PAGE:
One of the most delightful Yiddish films ever made has now been newly-restored by the National Center for Jewish Film. Molly Picon (“the Queen of the Yiddish Musical”) shines as Mamele (little mother), the dutiful daughter who keeps her family intact after the death of their mother. She’s so busy cooking, cleaning, and matchmaking for her brothers and sisters that she has little time for herself, until she discovers the violinist across the courtyard. Set in Lodz, this musical comedy drama featuring Picon’s trademark song “Abi Gezunt,” embraces the diverse gamut of interwar Jewish life in Poland, with its nogoodniks and unemployed, nightclubs and gangsters, and religious Jews celebrating Succoth.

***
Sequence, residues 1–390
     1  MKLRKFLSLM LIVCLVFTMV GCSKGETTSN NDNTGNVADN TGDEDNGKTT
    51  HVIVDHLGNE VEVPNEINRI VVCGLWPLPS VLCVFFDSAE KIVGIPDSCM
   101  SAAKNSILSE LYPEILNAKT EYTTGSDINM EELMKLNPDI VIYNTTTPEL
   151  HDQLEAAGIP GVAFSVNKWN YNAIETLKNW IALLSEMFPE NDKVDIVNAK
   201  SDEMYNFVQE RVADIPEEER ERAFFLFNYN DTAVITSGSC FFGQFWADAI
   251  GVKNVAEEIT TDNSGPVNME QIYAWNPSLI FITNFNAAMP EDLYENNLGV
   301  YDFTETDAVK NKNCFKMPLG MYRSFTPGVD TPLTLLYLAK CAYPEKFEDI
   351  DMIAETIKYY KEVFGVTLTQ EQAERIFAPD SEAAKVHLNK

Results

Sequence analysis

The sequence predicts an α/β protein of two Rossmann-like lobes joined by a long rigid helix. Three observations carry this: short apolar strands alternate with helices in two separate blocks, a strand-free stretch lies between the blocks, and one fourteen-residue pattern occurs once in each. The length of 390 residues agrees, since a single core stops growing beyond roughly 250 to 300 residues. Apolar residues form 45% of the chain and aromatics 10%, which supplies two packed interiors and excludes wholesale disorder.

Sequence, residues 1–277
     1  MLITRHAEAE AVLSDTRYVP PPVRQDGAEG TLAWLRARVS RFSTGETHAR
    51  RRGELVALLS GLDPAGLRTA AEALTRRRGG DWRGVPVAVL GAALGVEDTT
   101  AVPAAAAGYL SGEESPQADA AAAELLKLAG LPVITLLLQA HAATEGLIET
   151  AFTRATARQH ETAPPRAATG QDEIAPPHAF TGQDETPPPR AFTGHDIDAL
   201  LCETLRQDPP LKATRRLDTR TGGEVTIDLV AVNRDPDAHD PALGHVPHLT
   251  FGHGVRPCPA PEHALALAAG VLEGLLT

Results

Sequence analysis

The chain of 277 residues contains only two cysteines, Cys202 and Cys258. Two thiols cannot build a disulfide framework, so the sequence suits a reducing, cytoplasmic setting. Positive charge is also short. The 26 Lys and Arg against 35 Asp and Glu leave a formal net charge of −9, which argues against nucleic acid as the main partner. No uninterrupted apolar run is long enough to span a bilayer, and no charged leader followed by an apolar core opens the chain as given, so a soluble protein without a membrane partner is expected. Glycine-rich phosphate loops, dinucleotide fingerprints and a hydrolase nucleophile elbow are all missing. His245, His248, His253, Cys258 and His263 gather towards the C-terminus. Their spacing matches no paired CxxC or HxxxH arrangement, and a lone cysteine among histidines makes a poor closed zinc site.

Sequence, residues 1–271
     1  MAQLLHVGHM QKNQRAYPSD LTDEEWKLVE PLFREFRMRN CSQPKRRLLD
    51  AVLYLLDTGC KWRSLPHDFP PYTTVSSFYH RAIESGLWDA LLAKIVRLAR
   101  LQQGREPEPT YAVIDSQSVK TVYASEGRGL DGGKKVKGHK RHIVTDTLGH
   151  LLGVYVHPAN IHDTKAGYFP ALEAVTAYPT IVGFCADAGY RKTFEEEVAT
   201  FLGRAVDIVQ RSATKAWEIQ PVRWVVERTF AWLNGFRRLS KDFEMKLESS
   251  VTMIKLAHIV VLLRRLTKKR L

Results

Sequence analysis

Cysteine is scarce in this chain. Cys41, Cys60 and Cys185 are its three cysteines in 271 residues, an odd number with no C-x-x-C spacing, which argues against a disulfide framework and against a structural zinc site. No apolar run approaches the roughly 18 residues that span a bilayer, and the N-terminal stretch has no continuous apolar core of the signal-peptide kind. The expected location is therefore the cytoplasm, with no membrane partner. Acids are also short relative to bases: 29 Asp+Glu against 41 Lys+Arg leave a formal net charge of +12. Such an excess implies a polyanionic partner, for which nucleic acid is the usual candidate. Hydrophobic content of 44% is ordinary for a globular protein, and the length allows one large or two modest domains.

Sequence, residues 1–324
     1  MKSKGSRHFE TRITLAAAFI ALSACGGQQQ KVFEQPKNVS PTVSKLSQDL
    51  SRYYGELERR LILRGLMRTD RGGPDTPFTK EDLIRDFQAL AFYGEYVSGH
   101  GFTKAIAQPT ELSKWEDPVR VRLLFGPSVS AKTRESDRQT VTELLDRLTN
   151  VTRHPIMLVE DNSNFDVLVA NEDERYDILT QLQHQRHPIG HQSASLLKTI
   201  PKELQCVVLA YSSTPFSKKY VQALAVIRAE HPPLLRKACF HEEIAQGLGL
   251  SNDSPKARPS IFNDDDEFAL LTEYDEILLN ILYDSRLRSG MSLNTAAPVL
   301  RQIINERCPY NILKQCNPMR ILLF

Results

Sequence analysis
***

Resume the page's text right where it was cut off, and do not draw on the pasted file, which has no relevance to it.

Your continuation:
Sunday May 11, 5:30pm, Bloor Hot Docs Cinema, 506 Bloor St. W.
THE PIN (2013)
Dir: Naomi Jaye; 85 mins
The first and only Yiddish feature ever produced in Canada, The Pin is a haunting love story about two young adults hiding out in a barn in Lithuania during the Second World War. Filmmaker Naomi Jaye layers this simple story with rich atmospheric camera work, an eye for sensual detail, and moving performances by the two leads, who were taught to speak an impeccable-sounding Yiddish. “With limited resources and the power of storytelling, [Jaye] has created a small film that feels mainstream and epic.” (The New York Times). A TJFF Special Event, which will honour the uniqueness of this film and its production.

Sunday May 11 3:30 pm Royal Ontario Museum, 100 Queens Park
Dir: David L. Lewis; 87 minutes